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Debra Hamel is the mother of two preternaturally attractive girls and the author of a number of books about ancient Greece. She writes and blogs from her subterranean lair in North Haven, CT. Read more.


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THE BATTLE OF ARGINUSAE :
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KILLING ERATOSTHENES:
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READING HERODOTUS:
A GUIDED TOUR THROUGH THE WILD BOARS, DANCING SUITORS, AND CRAZY TYRANTS OF THE HISTORY
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UNPACKING AN ANCIENT MYSTERY
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TRYING NEAIRA:
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SOCRATES AT WAR:
THE MILITARY HEROICS OF AN ICONIC INTELLECTUAL
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ANCIENT GREEKS IN DRAG:
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IT WAS A DARK AND STORMY TWEET:
FIVE HUNDRED 1ST LINES IN 140 CHARACTERS OR LESS
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PRISONERS OF THE PELOPONNESIAN WAR
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Truss, Lynne: Talk to the Hand

  Amazon  

4 stars

Lynne Truss's little book on the decline of civility in the modern age, the follow-up to her very successful little book (Eats, Shoots & Leaves) on modern man's increasing ignorance of proper punctuation, is, like its predecessor, well-written, somewhat curmudgeonly, and eminently readable. Far from a prescriptionist book on etiquette, Talk to the Hand is rather a lament of modern mores. It is intended primarily for readers of a certain age--readers, as Truss puts it, whose elbow skin is inelastic, because the "outrage reflex" tends to "present itself in most people at just about the same time as their elbow skin starts to give out. ...People with young, flexible elbow skin spend less time defining themselves by things they don't like."

Truss divides the subject of incivility into six parts, the "six good reasons to stay home and bolt the door" of her subtitle. These are: (1) the decline in use of courtesy words; (2) the "unacceptable transfer of effort," that is, the growing tendency of businesses in particular to shift labor onto customers (think of automated help systems here or, I'll add, self-service checkouts in grocery stores); (3) the tendency to treat public space as private space; (4) hostile reactions to criticism; (5) disrespect of authority; and finally (6) offenses against society as a whole, such as littering.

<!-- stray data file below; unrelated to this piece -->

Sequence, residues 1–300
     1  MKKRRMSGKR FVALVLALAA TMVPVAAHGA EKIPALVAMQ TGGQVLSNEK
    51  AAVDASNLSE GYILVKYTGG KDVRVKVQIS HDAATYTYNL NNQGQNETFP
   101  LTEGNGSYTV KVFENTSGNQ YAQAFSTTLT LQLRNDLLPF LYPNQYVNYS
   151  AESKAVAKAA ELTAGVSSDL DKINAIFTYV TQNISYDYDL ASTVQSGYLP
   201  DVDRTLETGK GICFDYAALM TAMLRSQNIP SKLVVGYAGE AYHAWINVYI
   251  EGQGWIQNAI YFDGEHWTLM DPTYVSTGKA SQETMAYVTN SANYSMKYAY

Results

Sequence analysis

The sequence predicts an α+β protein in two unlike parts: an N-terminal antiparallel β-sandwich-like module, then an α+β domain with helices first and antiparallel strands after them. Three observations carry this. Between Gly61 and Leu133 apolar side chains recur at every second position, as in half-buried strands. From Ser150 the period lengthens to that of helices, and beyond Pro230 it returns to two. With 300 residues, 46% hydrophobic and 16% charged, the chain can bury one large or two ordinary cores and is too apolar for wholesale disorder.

As Ms. Truss is English, the book has mostly to do with modern English manners, or the lack thereof. Much of what she has to say will translate reasonably well for Americans, but I was occasionally at a loss to understand her, as for example here: "In a very short time, snobbery based on vocabulary and the milk-first/milk-second issue has virtually disappeared. Honestly, you can say 'serviette' at me all day until you are blue in the face, and I promise I won't even flinch." Milk? Serviettes? Color me mystified.

There are a number of pleasures awaiting readers of Talk to the Hand, among them the perverse joy to be had from getting worked up over one's own manners-related pet peeves. Truss is, besides, a good and often witty writer, and she makes a number of interesting observations in the book. Among these is her point that "our attitude to manners is...self-defined and self-exonerating. Each of us has got it just about right. ...Basically, everyone else has bad manners; we have occasional bad moments. Everyone else is rude; we are sometimes a bit preoccupied." Which brings me to another pleasure to be had from the book, that of disagreeing with Truss when she gets it wrong. She can't stand it when a waiter says "There you go" when putting a dish on the table? How possibly is that a problem?! And she actually told off a grocery store clerk for telling his co-worker a story about a dead woman while ringing people up? ("Stop telling that story, for pity's sake!") Is she nuts?!

By the way, that bit about the definition of good manners being subjective? QED.

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